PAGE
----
VALDOSTA -- Some people who have been bitten by mosquitoes with West Nile virus may never know it.
Dr. Lynne Feldman, with the Southeastern District Health Department, said about 80 percent of infected people will never experience symptoms from the disease and may just become immune to the disease.
People who contract the disease and experience problems are usually the elderly and those who have suppressed immune systems.
The city of Valdosta learned Thursday that a dead bird found in the city's downtown area tested positive for West Nile. Earlier, officials reported West Nile was found in a blue jay discovered along Miller Bridge Road in north Lowndes County.
Recently, four people were infected with West Nile through organs transplanted from a car accident victim in Atlanta. The donor died from her injuries, not from West Nile. Only one of the transplant recipients has died from West Nile.
Feldman said that mosquitoes are still the No. 1 carriers, although the disease also is passed through birds. Feldman also said there is no knowledge of birds, horses or people spreading the disease. She said that humans are not carriers.
"This is a blood-borne disease," she said. "A human cannot pass the disease along like you do when you get (mononucleosis). But when you put an infected organ or blood into a person, and they have a suppressed immune system, they are more likely to have symptoms."
Some birds can carry the disease and get better, such as chickens. Feldman said this may not be an indicator of how to prevent West Nile.
"Birds are not good sentinels," she said. "Some birds just die, and quickly, and others get the disease, get better and just go about their business. Others, like crows and blue jays, are most susceptible."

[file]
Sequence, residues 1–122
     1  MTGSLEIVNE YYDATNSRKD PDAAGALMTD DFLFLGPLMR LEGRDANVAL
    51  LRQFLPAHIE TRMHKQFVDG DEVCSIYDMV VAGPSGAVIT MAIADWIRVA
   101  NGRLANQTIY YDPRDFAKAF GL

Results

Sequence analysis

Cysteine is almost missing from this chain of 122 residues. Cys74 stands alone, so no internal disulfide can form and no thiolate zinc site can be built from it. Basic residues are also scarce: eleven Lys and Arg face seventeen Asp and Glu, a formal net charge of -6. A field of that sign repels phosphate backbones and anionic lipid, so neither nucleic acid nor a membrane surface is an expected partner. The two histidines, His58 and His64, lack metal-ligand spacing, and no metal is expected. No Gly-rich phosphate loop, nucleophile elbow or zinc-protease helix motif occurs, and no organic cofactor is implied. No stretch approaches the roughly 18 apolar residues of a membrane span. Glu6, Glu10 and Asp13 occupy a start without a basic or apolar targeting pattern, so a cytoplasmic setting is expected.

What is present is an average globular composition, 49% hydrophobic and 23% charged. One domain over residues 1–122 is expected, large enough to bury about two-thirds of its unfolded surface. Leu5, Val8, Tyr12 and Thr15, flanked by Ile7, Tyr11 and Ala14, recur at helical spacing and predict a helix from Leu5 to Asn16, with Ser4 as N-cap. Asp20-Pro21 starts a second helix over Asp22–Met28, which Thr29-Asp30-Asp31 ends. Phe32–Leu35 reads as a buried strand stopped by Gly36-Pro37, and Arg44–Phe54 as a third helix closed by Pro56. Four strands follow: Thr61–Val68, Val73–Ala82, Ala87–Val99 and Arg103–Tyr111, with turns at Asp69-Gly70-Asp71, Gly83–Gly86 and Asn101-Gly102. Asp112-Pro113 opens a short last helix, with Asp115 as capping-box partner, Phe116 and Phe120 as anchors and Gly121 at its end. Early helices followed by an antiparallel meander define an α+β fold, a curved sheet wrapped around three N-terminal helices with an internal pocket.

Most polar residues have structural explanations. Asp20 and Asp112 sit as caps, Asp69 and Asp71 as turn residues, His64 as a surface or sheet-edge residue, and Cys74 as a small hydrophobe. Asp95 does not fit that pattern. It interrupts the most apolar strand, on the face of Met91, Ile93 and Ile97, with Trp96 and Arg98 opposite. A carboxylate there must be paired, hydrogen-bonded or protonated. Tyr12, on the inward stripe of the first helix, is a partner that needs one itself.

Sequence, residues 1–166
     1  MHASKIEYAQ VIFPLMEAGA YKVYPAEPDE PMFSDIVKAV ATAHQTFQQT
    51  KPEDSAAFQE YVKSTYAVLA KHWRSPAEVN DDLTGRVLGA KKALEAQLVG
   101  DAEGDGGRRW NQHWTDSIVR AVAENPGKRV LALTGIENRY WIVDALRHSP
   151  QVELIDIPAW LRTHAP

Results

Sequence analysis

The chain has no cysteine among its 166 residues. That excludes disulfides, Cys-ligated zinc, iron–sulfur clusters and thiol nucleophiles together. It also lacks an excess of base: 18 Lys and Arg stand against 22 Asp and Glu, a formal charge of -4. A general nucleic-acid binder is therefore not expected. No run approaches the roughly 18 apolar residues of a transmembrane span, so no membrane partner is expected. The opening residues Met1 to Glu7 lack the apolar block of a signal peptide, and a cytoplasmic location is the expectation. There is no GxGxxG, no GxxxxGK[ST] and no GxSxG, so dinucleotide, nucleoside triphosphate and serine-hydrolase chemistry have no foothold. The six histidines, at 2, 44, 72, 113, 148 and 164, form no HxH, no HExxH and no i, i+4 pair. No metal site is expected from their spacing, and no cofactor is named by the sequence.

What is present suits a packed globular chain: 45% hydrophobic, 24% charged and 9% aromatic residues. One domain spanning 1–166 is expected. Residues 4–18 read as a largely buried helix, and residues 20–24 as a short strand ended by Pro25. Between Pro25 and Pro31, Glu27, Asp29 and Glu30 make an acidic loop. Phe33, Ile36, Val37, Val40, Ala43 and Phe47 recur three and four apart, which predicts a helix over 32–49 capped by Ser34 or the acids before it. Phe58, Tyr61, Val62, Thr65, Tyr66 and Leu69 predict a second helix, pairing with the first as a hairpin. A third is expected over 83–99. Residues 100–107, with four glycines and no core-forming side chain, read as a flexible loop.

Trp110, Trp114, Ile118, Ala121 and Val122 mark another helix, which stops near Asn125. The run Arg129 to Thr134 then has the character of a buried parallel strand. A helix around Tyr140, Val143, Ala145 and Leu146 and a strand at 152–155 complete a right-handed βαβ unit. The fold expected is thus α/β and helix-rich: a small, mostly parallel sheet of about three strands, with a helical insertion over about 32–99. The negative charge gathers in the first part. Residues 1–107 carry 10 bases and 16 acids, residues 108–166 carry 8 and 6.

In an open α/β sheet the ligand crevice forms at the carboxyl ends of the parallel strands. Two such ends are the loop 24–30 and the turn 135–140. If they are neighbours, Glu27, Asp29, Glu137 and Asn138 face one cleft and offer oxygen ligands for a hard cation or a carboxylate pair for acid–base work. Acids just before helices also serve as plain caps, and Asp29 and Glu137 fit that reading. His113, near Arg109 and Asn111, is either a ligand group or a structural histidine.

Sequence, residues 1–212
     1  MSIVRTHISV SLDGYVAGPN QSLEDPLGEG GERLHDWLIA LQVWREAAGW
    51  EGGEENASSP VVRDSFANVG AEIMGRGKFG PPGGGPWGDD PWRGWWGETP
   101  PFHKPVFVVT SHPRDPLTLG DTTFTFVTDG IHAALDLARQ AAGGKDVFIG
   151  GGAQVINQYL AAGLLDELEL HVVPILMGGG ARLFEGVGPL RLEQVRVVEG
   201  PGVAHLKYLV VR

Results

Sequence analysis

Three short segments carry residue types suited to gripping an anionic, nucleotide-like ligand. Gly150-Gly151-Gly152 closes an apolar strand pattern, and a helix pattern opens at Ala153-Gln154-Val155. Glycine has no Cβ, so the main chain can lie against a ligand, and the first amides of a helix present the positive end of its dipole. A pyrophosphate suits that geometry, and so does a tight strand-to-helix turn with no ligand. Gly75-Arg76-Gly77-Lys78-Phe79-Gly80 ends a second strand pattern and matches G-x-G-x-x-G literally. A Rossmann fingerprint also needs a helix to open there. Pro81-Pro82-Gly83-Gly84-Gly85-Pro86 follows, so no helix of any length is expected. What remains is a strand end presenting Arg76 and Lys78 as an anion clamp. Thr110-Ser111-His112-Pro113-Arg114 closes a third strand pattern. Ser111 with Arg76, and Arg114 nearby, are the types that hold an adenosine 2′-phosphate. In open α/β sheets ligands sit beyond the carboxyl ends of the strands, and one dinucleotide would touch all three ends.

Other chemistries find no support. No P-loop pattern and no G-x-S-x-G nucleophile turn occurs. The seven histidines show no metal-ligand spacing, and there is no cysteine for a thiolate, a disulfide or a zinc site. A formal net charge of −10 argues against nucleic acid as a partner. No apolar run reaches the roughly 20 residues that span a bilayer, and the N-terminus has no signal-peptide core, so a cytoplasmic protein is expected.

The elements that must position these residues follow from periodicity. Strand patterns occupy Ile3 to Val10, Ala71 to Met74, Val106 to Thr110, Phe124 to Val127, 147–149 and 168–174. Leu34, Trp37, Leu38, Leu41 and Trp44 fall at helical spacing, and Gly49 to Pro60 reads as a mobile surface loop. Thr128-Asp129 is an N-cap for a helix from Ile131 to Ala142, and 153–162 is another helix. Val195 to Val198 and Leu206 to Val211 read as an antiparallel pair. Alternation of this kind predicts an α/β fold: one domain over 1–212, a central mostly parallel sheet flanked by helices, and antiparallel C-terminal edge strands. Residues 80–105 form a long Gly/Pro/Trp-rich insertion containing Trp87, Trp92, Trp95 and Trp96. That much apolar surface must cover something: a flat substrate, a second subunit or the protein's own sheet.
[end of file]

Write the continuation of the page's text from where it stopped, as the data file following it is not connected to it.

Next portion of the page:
Feldman said that several chickens in the area were recorded as having the disease last year, but none died.
Horses are another animal known to get the disease. One of the most famous cases is that of Magic Weisner, the 2002 Preakness Stakes second place winner, who is being treated in Pennsylvania. Feldman said the number of infected horses in South Georgia has dropped considerably.
"There is now a vaccine for horses, and most horses in this area have been vaccinated for West Nile," she said. "We haven't had any positives this year, but a number of cases were recorded last year."
However, no vaccine has been made for humans.
"It takes years to develop a vaccine," Feldman said. "To create a vaccine would take a lot of thought because the vaccine could do more harm than good."
The Red Cross and other blood providers are meeting to discuss testing their blood stores. No method has been issued, said Feldman.
Feldman said people should not panic, as there are no recorded West Nile victims infected in this region. A dead blue jay was found in Hahira and tested positive for West Nile, but no mosquitoes have been found in this area carrying the disease.
"There has not been as much mosquito activity as there has been in past years," she said.
Seven people have been infected in Georgia, and most are in northern Georgia, in counties such as Fulton and Muskogee. Ten probable cases have been recorded. Probable means the person's doctor suspects West Nile, but the case has not been confirmed by the Centers for Disease Control in Atlanta.
"There are no probables (for West Nile) in this region either," Feldman said. "The closest in this area are in Colquitt and Dougherty counties. Remember, probable does not mean confirmed. Confirmed is what is important."
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